Virus and Democracy

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Even a life-saving measure must be weighed against the threat it poses to democracy -- we do it all the time.

The manifold and multisystem impact of the coronavirus is becoming more apparent day by day: an imminent crisis in the healthcare system (thousands of victims, according to Health Ministry projections ), an economic crisis (an inevitable local and global recession; mass layoffs — half a million individuals losing their jobs within a month; the devastation of entire economic sectors), and a social crisis (grandparents unable to hug their grandchildren for months, the loss of an academic year, “love means keeping your distance”).

To all of these must be added the looming possibility of a crisis of democracy. When our health and income are in doubt, when our routine is brutally interrupted with no expected date for the return of normalcy, when freedom of movement and assembly are denied, conditions are ripe for the imposition of drastic measures that are totally unacceptable in a democracy. This is no longer a prediction, but rather — a fact. As these lines are being written, all Israeli citizens are subject to the digital monitoring of their whereabouts, by means of the sophisticated methods available to the General Security Service. This is a democratic nightmare. Is it justified?

According to news reports, geolocation by means of their cellphones makes it possible to track the whereabouts of COVID-19 patients for the previous 14 days, to cross-check this information against information on everyone who was in their vicinity, and to send quarantine instructions to anyone who may have been exposed to the coronavirus. The hope is that this procedure will slow down the rate of contagion. Clearly then, the monitoring serves a worthy purpose: saving many lives. On the surface, if we weigh the infringement of our privacy against the damage to our health and the right to life, this measure, for all that it is extreme, seems to be warranted.

However, we must not give in so easily to the intuitive idea that “anything goes” in order to save lives. In normal times, we are used to balancing the right to life with other rights. For example, we do not raise taxes in order to expand the healthcare service basket and save thousands of persons, on economic grounds; we do not ban cigarettes or high-sugar foods, despite their toxicity, out of respect for individuals’ free choice; we do not impose stringent speed limits on our highways, for reasons of efficient travel; we do not supply all our soldiers with ceramic vests, and we continue to pollute our environment, even though it is clear that different policies on these issues would save lives. The talmudic sages taught that “everyone who saves a single life is considered to have saved an entire world”: but this is an essential guideline for humankind, not a practical action plan. Even in the midst of the coronavirus pandemic, the right to life must be balanced against other rights.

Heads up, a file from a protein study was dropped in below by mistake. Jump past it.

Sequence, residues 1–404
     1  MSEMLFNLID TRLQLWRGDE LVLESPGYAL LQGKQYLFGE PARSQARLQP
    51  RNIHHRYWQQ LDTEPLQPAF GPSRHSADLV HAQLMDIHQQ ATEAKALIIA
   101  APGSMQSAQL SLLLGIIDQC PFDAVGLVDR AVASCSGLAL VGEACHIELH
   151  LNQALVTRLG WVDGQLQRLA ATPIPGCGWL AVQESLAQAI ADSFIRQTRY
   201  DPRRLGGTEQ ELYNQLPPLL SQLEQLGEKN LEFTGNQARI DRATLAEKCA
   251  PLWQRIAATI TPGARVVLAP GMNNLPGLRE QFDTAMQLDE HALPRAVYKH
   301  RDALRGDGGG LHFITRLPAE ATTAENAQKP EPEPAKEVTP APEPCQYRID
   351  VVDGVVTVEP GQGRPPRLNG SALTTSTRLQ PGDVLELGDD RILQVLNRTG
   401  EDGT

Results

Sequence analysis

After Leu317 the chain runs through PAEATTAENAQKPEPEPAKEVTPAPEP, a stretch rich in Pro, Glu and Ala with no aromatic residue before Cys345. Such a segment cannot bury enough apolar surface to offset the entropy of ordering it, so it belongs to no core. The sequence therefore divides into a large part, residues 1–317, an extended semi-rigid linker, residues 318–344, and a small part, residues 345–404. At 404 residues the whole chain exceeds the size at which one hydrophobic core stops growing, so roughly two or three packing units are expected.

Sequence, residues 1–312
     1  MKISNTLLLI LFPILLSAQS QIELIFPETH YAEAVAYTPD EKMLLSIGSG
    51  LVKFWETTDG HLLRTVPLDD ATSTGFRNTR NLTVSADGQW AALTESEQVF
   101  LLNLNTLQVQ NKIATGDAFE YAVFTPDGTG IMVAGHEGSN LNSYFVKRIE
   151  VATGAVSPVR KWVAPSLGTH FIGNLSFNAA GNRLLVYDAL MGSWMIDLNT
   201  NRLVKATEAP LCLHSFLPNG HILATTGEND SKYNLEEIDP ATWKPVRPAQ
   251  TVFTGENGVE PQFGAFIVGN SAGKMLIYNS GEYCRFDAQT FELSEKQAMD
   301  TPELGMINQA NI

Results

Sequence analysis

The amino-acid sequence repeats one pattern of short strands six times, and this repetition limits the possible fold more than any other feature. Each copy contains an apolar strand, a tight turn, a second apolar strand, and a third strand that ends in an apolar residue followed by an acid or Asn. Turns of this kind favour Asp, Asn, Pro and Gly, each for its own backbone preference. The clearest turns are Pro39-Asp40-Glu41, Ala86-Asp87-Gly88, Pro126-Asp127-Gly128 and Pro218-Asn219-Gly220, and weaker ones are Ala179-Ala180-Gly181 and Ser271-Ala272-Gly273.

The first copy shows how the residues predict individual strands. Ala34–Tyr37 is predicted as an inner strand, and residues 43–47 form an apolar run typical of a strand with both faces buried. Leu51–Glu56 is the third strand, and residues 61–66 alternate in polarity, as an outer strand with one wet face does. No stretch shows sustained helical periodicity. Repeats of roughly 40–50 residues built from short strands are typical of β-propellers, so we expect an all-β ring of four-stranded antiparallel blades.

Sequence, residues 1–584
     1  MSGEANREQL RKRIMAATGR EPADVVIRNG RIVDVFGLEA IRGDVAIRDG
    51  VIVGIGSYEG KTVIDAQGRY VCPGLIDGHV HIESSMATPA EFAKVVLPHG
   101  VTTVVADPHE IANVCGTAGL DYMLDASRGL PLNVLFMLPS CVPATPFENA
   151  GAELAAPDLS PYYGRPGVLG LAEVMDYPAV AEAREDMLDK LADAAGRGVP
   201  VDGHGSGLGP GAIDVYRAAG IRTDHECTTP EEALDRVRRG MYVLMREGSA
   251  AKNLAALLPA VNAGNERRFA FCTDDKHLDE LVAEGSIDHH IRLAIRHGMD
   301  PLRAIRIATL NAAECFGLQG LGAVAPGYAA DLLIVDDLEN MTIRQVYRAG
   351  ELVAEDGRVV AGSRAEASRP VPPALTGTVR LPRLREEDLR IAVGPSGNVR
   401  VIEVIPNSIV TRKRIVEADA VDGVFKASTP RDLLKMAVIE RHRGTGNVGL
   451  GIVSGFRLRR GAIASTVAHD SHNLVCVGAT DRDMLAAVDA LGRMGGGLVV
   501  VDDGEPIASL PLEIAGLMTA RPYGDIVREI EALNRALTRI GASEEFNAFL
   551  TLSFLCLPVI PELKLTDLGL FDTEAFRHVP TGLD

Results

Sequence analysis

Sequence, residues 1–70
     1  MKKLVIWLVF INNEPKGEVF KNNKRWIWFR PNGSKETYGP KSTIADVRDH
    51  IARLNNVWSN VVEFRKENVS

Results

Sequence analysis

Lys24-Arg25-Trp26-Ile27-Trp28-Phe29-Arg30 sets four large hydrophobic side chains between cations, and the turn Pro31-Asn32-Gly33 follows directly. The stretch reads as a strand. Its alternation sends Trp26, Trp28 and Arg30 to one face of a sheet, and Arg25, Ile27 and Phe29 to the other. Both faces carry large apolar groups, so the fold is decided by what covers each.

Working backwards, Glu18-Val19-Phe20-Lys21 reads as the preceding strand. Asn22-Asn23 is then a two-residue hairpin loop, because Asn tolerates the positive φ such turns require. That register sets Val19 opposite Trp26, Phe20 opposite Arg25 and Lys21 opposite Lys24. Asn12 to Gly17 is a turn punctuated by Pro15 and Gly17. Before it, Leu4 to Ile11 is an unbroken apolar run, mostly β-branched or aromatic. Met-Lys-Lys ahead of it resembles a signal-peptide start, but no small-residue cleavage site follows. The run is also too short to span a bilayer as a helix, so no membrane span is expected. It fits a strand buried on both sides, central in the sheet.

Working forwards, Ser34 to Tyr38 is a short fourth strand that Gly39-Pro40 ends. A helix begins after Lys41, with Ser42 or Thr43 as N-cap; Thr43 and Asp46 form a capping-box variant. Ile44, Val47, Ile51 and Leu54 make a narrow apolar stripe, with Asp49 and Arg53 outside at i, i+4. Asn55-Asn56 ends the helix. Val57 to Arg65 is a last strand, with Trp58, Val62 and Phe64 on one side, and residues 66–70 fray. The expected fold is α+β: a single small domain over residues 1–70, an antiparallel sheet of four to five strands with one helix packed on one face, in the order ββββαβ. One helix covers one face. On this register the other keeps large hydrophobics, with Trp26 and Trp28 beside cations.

The digital tracking to which we are all exposed now is a draconian measure. A tool intended to protect citizens against terrorism has now been turned against the citizens themselves. In normal times, the police need a court order in order to monitor an individual citizen; but now the permission to do so is in effect — unlimited and applies to anyone “suspected of being ill” (an undefined term), if so determined by any physician and against all those who were near a suspect during the past two weeks — with no judicial oversight. The decision to implement this radical measure was taken without review by the Knesset; without being referred to the Privacy Protection Authority; by an unelected caretaker government that invoked the Emergency Powers Regulations; by means of a telephone poll of the ministers which took place in the dead of night. Many fear that we have begun falling down the slippery slope of violation of human rights that will lead to a severe crisis of our democracy.

It is important to emphasize that the attorney general, whose credibility, professionalism, and commitment to democratic values are unquestionable, approved these measures. He did so after ascertaining that the content of our calls would not be collected, that the location data would be deleted after 30 days, that it would be made available only to a “restricted group,” that it would not be exploited for any other purpose, and that other protective mechanisms would be installed. These are important lines of defense, but more are needed. It is essential to guarantee that the arrangement will be reviewed by the new Knesset as soon as its committees are established, that the regulations have a defined expiration date, and that any future extension or modification of them, will be made with full transparency, vis-à-vis both the Knesset and the public at large. In any case, the High Court of Justice has already been asked to rule on the regulations, and this review is to be welcomed.

The coronavirus crisis must not be used as a cover for an assault on Israel’s democratic values. On the contrary, it is precisely our shared commitment to democracy — as a form of government, as a political culture, and as a system that is obligated and committed to the defense of human rights — that will enable us to deploy, in the very best way possible, our true secret weapon against the virus: mutual responsibility.

The article was published in the Times of Israel.